The City of Athens sells more than 90% of the water sold within the Clarke County, Georgia market. Further, the City of Athens has unilaterally applied successfully for the right to take, and now takes, "unnecessarily" large amounts of water from the Middle Oconee River and North Oconee River, and operates its water treatment plant in such a way as to prevent and exclude potentially competing water companies from obtaining the water necessary to compete. Further, Defendant has "refused to sell water at wholesale to major developers, subdivisions, apartment complexes, or political subdivisions" and has done so with the "specific purpose of gaining and retaining monopoly power in the sale of water in Clarke County".

Plaintiffs have asked for an order holding that Defendants have violated and are violating federal antitrust law. Further, Plaintiffs have requested a permanent injunction directing Defendant to cease and desist from continuing these violations, as well as treble damages to named plaintiffs Patrick Wall and William McCallum, and an award for reasonable attorney's fees. McCallum's request for treble damages is based on a loss of profits from his operation of a laundry business, such loss being attributable to Defendant's monopolistic pricing of water.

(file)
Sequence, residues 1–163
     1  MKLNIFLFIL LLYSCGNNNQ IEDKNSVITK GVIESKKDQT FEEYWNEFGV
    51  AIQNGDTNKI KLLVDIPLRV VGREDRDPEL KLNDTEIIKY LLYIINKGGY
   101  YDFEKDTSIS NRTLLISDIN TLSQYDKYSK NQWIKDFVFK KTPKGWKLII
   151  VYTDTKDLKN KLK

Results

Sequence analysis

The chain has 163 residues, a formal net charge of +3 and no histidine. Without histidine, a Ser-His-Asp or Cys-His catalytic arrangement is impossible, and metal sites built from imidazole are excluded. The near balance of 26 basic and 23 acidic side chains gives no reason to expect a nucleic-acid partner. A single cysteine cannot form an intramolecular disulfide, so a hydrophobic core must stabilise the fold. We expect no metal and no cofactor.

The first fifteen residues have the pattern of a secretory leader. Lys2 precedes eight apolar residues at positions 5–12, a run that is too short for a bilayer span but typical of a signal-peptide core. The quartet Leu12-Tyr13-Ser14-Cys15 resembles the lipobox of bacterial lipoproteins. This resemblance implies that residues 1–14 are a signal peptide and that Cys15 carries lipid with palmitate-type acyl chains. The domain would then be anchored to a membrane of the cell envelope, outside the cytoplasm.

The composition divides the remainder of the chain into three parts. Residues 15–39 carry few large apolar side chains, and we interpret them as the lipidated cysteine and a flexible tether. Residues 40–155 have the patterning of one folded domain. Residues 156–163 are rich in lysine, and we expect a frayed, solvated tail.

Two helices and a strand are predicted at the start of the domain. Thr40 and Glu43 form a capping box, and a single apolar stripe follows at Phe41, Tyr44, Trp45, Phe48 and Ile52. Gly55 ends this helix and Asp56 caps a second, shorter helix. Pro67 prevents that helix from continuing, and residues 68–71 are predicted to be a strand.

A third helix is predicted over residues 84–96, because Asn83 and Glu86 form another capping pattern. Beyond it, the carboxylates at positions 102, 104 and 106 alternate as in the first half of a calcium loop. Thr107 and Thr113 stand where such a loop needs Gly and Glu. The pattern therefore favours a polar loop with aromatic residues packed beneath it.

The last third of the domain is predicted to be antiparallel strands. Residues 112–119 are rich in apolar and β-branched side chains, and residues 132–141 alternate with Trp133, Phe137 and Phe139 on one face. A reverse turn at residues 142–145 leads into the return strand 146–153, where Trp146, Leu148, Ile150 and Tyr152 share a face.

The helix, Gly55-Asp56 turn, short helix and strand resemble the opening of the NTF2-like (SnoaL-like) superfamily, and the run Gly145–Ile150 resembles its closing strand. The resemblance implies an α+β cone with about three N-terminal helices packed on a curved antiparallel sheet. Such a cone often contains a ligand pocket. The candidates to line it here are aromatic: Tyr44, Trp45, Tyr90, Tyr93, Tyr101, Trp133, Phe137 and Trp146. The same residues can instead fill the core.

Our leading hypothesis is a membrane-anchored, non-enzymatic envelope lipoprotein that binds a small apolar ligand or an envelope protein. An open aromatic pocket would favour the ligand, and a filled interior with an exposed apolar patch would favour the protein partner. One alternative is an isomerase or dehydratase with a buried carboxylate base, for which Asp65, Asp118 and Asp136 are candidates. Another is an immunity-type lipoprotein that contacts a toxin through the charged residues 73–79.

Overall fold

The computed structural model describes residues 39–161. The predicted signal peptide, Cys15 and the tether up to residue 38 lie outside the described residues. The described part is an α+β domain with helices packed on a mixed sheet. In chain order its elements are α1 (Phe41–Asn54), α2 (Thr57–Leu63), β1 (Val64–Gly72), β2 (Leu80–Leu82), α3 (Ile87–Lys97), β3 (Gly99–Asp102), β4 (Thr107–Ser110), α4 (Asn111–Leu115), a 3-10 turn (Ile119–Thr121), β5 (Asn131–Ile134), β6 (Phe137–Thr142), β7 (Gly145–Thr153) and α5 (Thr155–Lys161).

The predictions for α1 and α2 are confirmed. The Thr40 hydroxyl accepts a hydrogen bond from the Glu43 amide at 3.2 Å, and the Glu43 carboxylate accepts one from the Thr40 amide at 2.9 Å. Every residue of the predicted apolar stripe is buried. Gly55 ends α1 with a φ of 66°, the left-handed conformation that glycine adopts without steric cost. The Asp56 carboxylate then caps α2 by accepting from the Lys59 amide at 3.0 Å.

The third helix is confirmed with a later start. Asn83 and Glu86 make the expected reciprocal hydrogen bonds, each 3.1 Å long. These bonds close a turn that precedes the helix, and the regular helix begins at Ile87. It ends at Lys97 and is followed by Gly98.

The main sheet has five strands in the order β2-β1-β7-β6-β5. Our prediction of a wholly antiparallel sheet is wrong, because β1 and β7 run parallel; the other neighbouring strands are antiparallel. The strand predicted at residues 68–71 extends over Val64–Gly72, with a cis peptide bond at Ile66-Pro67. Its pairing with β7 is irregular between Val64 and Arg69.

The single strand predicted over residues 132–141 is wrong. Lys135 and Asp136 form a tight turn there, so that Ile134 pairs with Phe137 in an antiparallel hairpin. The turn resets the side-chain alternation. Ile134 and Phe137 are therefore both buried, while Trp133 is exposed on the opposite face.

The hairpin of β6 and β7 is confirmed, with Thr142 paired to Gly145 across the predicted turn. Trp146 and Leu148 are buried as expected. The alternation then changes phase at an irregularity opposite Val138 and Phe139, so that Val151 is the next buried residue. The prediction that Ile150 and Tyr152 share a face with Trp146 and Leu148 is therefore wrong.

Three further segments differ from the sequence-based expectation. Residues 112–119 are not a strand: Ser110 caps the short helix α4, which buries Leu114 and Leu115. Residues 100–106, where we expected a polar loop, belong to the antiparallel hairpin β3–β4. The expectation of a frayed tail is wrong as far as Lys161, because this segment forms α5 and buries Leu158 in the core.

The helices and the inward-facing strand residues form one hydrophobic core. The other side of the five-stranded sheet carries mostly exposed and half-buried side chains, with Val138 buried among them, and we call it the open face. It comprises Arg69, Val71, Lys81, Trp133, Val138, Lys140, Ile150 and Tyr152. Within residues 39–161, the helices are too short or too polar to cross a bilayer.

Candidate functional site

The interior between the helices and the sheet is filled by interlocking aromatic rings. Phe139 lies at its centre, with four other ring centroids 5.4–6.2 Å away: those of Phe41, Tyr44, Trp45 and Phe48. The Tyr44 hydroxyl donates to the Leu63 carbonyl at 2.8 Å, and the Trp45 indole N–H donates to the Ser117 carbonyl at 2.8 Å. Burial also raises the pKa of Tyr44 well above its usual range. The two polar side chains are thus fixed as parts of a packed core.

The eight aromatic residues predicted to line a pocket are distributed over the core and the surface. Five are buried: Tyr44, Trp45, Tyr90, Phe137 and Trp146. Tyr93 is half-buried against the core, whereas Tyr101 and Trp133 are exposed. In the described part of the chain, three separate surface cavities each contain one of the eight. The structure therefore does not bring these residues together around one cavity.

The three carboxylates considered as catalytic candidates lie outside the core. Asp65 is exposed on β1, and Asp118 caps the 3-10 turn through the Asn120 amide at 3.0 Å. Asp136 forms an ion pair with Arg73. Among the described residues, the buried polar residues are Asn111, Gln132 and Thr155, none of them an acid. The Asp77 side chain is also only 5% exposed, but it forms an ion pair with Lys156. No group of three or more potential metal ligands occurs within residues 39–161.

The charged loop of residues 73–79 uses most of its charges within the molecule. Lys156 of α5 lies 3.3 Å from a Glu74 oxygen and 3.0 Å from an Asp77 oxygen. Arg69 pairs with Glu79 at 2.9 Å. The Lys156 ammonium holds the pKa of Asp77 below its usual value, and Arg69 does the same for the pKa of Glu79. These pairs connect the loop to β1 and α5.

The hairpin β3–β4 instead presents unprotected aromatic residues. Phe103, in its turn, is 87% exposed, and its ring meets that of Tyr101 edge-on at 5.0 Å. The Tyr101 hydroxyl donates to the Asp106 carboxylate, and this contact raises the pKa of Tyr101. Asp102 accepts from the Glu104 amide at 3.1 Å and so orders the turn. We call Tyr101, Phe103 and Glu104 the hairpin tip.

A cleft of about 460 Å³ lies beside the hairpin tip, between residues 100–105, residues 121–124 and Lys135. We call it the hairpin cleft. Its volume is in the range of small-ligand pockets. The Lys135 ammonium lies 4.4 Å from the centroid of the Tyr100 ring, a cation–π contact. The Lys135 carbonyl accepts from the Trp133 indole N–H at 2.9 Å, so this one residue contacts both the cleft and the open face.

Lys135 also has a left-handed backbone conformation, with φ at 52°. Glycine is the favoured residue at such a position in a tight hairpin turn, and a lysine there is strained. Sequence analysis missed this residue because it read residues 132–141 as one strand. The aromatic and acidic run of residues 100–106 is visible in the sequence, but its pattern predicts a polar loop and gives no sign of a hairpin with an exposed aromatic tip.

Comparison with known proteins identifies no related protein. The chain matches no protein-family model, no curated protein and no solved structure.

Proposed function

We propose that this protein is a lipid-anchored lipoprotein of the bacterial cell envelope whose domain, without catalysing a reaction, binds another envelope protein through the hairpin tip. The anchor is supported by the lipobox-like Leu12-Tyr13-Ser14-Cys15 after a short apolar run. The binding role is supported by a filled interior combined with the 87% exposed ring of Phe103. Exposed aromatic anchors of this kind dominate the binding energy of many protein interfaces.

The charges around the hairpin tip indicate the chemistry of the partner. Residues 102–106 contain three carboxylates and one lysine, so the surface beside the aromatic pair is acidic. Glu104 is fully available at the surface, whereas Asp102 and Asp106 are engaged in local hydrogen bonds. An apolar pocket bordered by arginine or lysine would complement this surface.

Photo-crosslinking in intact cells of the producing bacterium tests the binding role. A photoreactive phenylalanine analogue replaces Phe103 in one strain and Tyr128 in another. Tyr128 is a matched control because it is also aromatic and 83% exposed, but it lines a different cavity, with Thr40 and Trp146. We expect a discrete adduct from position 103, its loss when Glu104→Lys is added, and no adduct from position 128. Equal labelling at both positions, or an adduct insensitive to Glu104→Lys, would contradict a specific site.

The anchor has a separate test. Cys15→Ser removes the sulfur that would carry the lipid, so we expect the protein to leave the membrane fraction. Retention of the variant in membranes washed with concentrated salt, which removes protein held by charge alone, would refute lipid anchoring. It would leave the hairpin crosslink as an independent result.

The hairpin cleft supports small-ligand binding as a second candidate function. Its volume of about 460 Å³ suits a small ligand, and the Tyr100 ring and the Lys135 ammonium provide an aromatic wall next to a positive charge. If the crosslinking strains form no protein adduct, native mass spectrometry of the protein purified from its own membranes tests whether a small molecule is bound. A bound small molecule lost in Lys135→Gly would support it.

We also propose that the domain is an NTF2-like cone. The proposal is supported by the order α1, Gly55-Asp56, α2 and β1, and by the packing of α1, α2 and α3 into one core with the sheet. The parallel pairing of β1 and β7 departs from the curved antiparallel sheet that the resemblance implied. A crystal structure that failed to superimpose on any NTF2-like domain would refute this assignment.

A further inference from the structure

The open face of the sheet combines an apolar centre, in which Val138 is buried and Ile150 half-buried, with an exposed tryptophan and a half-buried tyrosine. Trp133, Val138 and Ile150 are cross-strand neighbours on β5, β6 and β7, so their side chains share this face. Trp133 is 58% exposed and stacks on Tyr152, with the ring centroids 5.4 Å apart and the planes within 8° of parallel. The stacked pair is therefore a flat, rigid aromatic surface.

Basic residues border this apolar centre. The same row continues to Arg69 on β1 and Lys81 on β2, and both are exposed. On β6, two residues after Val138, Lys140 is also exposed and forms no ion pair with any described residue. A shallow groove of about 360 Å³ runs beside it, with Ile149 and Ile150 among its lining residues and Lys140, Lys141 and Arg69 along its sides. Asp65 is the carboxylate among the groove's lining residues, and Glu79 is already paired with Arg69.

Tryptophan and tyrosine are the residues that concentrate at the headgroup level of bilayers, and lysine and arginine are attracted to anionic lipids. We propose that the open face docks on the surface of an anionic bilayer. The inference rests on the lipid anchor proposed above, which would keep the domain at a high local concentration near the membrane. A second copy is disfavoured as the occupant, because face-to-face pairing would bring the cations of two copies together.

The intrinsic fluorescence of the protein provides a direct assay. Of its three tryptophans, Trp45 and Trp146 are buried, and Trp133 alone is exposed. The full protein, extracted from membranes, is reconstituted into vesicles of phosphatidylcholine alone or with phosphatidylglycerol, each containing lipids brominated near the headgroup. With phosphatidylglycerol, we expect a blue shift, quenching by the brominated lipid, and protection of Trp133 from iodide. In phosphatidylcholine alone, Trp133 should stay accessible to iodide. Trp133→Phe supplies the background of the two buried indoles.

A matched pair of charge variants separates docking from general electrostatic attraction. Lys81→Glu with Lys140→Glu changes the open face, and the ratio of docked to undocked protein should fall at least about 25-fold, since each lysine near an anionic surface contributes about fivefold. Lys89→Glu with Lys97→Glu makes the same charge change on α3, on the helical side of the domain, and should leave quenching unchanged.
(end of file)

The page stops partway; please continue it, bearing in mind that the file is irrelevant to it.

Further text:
II. CONCLUSIONS OF LAW A. State Action Immunity

The summary judgment motion in this case has been pending for approximately two years, and the law on state action immunity has developed extensively since the case was filed. The record is replete with arguments on the case law as it existed when the summary judgment motion was filed, and on the highly relevant recent developments since. Counsel for both parties are to be commended for their thorough research on the relevant authority, and for their periodic updates on the relevant recent developments in this area.

The issue squarely presented by this case is whether the State of Georgia, acting through its legislature, has given the City of Athens state action immunity from the reach of federal antitrust law in the city's provision of water services. A second related issue is whether, if such immunity has been granted by the State of Georgia, that immunity directly conflicts with federal antitrust law and thus is preempted by federal law. Because these two questions are so closely related, the court will address them jointly in this section.